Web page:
The choice of field officers, however, was up to the Virginia Convention and it chose three Germans as it had planned. Each was from a different down in the lower (northern) Shenandoah Valley. Muhlenberg was appointed to be the colonel. Abraham Bowman of Strasburg (also in Dunmore County) was appointed to be the lieutenant colonel. Bowman came from a prominent family. His grandfather, Jost Hite, had led the first group of German settlers into the valley from Pennsylvania in 1731.
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Virginia was described as the the "most English" of the colonies. It had been consistently loyal to the Crown, even during the era of Parliamentary rule under Oliver Cromwell. The Church of England was integrated into the local government.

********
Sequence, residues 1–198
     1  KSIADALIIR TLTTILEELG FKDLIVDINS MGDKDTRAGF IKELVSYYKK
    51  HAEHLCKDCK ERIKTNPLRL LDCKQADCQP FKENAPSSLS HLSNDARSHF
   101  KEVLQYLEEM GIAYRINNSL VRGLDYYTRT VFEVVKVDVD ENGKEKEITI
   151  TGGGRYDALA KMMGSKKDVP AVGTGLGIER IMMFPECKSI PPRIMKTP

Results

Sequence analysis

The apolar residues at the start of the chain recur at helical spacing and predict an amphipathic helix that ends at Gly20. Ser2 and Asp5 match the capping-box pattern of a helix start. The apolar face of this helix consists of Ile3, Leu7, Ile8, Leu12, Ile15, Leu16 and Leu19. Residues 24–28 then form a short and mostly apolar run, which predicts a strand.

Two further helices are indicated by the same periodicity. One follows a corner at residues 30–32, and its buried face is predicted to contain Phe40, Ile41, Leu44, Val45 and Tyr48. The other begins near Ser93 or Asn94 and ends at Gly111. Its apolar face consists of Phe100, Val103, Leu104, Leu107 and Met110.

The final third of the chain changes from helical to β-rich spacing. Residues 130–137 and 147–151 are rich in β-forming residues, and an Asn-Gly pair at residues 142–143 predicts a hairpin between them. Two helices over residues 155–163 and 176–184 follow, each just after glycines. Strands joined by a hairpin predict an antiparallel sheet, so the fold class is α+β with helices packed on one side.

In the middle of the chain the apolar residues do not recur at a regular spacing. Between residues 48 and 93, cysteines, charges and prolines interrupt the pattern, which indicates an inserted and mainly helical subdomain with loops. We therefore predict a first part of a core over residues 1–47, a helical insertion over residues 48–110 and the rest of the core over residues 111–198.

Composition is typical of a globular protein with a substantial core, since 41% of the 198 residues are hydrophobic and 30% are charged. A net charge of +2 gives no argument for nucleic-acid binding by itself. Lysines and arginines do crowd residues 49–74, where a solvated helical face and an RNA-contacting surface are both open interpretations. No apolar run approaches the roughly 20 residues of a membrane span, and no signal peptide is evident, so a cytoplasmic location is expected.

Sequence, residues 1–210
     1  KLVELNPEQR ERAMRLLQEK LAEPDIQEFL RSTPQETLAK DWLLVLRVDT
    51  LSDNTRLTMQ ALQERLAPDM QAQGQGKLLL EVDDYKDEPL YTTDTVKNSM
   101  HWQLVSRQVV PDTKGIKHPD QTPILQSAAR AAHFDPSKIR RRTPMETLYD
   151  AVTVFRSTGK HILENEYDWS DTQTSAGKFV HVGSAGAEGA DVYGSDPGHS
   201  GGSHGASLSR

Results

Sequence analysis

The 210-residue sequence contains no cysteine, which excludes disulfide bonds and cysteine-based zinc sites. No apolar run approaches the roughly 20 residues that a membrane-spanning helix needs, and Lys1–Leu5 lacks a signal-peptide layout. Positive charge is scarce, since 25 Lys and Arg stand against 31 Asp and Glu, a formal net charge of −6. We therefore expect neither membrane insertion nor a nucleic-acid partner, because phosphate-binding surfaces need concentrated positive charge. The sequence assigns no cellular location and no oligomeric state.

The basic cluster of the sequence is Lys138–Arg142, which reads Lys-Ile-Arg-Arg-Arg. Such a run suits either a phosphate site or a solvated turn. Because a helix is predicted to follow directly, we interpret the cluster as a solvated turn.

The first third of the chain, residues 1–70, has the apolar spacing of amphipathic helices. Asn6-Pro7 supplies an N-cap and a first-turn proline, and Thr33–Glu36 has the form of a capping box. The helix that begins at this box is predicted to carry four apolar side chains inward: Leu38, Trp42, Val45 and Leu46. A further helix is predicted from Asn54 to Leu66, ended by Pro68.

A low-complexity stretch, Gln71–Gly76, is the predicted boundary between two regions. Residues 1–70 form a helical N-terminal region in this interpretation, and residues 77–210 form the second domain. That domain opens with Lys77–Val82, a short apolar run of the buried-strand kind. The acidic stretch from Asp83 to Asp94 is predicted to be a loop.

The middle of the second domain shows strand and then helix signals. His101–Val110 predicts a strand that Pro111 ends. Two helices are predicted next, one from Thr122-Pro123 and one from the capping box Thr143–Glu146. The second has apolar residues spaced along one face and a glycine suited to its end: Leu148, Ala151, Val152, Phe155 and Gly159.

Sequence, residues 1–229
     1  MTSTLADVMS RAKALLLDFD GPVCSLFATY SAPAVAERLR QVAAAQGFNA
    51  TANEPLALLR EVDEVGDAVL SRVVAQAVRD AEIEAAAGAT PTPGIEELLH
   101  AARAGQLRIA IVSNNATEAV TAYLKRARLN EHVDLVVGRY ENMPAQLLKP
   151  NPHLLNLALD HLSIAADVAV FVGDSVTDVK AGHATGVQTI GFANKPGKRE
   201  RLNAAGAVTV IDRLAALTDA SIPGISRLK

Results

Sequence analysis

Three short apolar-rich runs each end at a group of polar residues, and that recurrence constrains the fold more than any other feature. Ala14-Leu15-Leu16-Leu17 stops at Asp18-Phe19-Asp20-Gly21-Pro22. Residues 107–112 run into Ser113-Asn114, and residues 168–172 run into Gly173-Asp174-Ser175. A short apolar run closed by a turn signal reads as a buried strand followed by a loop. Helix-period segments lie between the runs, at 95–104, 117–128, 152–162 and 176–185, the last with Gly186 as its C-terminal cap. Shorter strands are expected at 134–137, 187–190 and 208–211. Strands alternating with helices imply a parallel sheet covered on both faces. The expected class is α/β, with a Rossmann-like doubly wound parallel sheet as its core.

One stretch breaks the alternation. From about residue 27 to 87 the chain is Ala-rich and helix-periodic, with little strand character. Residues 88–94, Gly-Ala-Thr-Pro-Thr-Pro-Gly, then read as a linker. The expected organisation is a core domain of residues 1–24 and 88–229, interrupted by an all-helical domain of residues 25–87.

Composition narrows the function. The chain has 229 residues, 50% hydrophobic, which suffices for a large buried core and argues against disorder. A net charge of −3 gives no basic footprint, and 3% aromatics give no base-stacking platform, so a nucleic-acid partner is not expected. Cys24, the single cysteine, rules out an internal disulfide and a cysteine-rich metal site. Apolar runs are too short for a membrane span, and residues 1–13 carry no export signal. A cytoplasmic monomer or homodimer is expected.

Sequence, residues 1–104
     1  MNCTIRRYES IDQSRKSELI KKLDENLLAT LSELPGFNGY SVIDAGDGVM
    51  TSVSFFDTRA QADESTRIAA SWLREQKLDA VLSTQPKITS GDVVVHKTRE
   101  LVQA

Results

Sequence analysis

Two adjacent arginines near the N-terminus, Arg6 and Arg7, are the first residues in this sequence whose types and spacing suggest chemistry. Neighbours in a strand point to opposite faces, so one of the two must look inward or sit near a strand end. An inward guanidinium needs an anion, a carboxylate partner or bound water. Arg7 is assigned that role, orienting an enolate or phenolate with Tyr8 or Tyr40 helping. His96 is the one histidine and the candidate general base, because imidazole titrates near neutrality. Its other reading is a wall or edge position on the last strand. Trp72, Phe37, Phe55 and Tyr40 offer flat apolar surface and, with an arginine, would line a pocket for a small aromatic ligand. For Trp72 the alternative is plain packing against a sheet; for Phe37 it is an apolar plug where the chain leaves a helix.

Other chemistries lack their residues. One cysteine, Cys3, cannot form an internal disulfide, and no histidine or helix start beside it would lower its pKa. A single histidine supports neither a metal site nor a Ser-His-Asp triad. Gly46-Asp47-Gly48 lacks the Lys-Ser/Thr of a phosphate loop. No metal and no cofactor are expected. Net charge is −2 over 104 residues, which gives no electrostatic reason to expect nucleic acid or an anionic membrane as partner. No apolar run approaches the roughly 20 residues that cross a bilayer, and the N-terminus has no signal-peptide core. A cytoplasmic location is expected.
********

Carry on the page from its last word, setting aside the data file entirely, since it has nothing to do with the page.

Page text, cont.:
Virginia's frontier territories were different. When the Revolutionary War started, the Virginia Conventioned designated the 8th Virginia to be a "German" regiment. Thousands of Pennsylvania Germans had settled in the Shenandoah Valley. But how German was it really? There were also many Protestant Irish ("Scotch-Irish") and English settlers in the area, and the actual recruitment territory stretched all the way to Pittsburgh.
On September 12, Gabe Neville spoke at Virginia's Germanna Foundation to explore the question: "Just how German was the regiment in reality?"
Learn more at the Germanna Foundation website.